Thursday, February 26, 2009

"Corporation Mortgage" or REITs - What are REITs?

About REITs: Real Estate Investment Trusts

Real Estate Investment Trusts (REITs) were created in the 60's so that all investors would have access to income-producing real estate through the purchase and sale of liquid securities. Before REITs were created access to investment returns of commercial real estate equity was only available to institutions and wealthy individuals.

For over half a century, REITs have become an important part of the United States economy and investment markets. United States REITs have grown from ninety billion dollars to over three hundred billion dollars in the past decade and they have gained popularity all over the world.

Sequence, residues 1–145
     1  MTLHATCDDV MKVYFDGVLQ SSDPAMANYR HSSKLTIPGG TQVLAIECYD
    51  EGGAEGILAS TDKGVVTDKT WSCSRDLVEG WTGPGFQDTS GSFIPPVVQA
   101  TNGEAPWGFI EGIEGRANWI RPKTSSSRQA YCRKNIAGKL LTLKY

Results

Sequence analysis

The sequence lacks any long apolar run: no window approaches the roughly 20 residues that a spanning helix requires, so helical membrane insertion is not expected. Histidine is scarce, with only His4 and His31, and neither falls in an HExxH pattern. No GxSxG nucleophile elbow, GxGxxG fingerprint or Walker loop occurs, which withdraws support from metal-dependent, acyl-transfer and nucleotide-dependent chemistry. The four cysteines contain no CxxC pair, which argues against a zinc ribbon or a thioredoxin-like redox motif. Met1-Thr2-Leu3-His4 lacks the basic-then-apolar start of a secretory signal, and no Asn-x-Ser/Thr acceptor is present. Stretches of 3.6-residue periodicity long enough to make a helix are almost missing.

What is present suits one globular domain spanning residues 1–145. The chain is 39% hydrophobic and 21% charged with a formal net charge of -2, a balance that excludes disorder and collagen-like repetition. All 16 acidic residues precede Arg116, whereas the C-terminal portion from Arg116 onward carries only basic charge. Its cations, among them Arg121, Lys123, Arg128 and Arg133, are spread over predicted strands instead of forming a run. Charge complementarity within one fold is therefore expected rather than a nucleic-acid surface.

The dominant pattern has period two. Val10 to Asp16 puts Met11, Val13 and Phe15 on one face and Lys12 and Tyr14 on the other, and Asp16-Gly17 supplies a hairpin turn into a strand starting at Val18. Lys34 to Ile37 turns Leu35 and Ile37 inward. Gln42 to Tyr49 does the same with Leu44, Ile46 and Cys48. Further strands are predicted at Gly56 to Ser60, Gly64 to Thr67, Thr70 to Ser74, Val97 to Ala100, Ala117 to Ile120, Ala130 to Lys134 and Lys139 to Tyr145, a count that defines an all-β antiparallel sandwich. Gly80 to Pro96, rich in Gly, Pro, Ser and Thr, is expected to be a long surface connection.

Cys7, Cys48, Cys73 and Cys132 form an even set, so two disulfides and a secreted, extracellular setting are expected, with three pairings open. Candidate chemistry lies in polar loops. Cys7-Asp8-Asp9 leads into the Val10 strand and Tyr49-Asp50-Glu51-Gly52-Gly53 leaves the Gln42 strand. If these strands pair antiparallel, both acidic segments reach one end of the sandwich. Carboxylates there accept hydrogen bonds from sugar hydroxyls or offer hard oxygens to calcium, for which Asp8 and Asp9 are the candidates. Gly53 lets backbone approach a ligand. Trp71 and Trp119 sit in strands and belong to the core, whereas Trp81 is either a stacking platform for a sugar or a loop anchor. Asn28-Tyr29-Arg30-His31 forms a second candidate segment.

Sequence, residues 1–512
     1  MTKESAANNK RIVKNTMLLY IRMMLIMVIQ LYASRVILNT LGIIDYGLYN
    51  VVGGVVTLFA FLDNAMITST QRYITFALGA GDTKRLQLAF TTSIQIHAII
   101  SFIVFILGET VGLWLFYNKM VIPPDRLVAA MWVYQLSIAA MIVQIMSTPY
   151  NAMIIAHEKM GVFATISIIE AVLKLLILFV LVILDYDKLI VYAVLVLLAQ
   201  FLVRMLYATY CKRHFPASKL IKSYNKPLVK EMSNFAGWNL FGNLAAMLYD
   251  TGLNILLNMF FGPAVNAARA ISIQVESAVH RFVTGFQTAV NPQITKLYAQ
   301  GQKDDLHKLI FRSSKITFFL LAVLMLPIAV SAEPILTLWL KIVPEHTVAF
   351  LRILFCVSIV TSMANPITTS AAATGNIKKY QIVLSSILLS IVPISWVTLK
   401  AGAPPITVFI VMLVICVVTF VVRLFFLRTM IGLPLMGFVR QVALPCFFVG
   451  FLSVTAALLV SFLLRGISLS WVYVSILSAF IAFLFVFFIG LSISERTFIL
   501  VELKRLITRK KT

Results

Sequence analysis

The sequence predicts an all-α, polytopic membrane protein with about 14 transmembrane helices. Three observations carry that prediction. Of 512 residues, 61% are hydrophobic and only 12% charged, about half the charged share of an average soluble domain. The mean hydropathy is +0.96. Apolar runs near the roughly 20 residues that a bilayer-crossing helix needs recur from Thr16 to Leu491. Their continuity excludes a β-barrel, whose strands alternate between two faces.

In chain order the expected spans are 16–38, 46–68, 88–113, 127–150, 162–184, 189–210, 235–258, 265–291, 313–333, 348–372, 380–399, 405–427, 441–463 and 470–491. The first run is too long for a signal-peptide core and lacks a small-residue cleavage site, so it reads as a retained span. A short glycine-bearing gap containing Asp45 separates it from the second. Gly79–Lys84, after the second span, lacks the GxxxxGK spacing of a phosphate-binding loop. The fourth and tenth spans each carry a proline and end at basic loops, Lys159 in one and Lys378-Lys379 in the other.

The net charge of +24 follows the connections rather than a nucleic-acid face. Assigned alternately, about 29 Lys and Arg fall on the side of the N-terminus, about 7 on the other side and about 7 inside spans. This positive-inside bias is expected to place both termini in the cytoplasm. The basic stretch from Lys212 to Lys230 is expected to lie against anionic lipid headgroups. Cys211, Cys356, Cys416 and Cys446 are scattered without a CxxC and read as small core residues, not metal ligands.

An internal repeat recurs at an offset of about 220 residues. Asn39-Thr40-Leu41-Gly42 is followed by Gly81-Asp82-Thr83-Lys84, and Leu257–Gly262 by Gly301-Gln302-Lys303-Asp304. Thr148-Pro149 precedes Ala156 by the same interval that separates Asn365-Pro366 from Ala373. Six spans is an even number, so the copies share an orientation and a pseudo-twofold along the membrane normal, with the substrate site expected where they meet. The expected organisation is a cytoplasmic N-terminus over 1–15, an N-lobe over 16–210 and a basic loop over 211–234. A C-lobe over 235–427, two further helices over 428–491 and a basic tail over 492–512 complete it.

During their early years, mortgage Real Estate Investment Trust dominated the industry, providing debt financing for commercial or residential properties through investments in mortgages and mortgage-backed securities like "Corporation Mortgage". Interest in equity REITs which own and manage commercial properties was limited because of the requirements that ownership and management of assets remain separate. This restriction was lifted with the passage of the Tax Reform Act of 1986 which allowed REITs to both own and manage properties. Now, more than 90% of publicly traded United States REITs are equity REITs that own and manage commercial real estate. Most of their income is derived from rents owned by companies across the nation.